The Moral Rationale For Respect for Students’ Privacy

By Marilia Wyatt

Imagine reading a story about a real and honest character told by a vicious and evil storyteller.  The storyteller uses only bits and pieces of the narrative out of context to show the character in a most negative light. The main character is voiceless and powerless.

The storyteller alone determines what the audience will learn about the character.

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The storyteller alone determines what decisions are made about the character without their active knowledge and involvement in the process.


The fate of students’ human dignity concerning their privacy in online courses platforms should be in their hands; rather than in the hands of those who process or exploit their information irresponsibly –or disrespect their reasonable request to manage their information after the course completes.

Students are the main characters in the stories of their lives; this is what privacy in online courses is about.


Students cannot write their stories because leeches in higher education in New Jersey are holding students’ course profile data hostage after they have graduated from college. Students’ personally identifiable information has the potential of being leaked, discriminated, monitored, and sold to the highest bidder.

There should be explicit privacy contractual requirements for ed-tech and their affiliates to give back control to students of their information after the acquisition,  company failure, and or termination of the university vendor relationship.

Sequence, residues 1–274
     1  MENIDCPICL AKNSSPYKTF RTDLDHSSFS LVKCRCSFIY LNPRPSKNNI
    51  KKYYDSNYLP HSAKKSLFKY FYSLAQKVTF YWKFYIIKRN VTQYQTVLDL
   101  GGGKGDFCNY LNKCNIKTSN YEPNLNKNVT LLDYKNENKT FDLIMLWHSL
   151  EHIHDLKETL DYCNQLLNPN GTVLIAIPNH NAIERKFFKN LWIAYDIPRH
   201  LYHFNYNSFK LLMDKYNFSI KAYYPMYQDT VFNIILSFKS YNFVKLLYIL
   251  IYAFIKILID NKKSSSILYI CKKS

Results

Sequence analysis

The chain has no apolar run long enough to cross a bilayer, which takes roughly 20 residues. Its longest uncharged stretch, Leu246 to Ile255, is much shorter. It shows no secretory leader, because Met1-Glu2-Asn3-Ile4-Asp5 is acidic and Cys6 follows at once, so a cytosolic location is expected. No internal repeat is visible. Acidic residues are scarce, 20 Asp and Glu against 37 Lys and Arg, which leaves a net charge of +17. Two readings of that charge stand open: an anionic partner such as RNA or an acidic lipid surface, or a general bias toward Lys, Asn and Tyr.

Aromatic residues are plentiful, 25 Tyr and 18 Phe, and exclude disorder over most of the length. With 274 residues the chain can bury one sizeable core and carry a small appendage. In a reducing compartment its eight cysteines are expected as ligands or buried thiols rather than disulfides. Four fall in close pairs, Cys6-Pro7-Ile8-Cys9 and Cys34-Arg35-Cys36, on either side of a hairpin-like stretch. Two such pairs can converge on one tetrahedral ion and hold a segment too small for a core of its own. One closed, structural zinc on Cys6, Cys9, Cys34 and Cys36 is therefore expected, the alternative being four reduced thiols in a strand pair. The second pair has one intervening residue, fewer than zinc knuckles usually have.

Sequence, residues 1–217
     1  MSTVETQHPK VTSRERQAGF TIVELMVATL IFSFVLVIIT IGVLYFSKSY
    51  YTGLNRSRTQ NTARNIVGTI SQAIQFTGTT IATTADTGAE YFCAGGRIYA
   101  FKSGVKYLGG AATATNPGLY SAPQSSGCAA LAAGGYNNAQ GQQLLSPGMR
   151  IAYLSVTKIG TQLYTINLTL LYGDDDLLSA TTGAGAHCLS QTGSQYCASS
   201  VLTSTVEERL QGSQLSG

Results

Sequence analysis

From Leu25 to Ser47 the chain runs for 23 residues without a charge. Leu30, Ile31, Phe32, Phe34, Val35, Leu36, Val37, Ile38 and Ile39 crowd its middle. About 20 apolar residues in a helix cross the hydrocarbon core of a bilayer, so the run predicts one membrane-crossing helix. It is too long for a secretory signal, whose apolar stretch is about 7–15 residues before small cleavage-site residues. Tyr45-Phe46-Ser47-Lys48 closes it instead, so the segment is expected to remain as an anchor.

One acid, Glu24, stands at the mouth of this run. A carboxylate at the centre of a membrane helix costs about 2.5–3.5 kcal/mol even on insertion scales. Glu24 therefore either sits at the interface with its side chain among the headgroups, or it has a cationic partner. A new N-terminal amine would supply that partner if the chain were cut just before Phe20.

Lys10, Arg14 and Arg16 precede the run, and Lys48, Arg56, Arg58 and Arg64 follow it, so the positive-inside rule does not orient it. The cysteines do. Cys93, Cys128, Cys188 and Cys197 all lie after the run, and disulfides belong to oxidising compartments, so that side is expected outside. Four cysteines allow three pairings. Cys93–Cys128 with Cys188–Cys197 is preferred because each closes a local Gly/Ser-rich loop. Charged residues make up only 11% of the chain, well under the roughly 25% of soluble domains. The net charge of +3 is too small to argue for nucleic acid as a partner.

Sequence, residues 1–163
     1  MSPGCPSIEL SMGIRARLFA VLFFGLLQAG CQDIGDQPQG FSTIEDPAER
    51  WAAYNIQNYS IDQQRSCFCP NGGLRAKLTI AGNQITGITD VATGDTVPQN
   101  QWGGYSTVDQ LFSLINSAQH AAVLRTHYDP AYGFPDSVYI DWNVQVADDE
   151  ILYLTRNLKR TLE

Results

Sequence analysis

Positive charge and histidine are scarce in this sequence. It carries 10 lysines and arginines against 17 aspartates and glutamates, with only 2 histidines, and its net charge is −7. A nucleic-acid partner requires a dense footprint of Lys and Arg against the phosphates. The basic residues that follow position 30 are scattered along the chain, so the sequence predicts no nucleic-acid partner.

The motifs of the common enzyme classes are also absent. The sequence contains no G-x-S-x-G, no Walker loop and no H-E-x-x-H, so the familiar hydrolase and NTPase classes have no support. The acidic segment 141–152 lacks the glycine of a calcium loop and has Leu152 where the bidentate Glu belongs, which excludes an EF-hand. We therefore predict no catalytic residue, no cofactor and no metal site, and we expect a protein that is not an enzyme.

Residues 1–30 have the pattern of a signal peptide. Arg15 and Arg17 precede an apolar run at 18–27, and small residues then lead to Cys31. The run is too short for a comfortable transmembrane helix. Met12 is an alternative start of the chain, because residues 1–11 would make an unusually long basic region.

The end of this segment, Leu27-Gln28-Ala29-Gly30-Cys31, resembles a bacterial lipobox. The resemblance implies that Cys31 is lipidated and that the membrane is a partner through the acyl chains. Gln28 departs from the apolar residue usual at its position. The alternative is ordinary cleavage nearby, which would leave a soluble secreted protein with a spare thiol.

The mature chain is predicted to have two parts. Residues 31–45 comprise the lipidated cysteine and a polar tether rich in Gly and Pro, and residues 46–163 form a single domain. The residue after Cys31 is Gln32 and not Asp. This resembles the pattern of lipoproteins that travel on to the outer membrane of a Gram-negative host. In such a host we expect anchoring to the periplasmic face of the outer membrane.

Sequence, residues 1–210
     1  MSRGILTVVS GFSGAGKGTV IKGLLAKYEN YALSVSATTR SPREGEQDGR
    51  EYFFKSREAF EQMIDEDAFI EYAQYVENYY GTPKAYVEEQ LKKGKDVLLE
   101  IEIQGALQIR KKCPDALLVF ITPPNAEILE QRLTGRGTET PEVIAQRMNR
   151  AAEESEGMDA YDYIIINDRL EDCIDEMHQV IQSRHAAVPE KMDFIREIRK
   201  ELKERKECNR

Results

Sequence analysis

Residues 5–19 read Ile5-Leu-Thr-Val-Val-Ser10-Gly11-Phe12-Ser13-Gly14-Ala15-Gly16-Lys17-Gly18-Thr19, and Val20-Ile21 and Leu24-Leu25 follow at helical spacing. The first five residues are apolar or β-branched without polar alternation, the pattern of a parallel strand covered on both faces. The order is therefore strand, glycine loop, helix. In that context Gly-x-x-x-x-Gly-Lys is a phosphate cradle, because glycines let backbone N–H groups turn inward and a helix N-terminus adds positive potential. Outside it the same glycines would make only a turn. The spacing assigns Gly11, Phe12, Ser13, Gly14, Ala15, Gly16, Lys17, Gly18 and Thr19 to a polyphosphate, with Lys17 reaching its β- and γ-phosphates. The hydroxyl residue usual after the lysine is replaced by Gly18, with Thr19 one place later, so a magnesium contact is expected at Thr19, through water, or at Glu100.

There should be an easy option of a click of a button for students and graduates to manage their personal information that links details about their lives to their course profiles on the ed-tech platforms.

Importantly, the processing of students and graduates’ data on ed-tech platforms or any other any third-party entity, should also guarantee the free development of individuals’ personality and of its dignity. 

Kate Crawford, a researcher at Microsoft, warns us of hidden biases in data processing, she writes: 

Data and data sets are not objective; they are creations of human design. We give numbers their voice, draw inferences from them, and define their meaning through our interpretations. Hidden biases in both the collection and analysis stages present considerable risks.

In this story, students are not the storytellers of their lives…

Data protection should be founded on the respect to privacy, as well as to:

  1. Informational self-determination;
  2. Freedom of expression, communication, and opinion;
  3.  The preservation of intimacy, private life, honor, and image;
  4.  Businesses economic and technological development; and
  5.  Free enterprise, free competition, and consumer protection.


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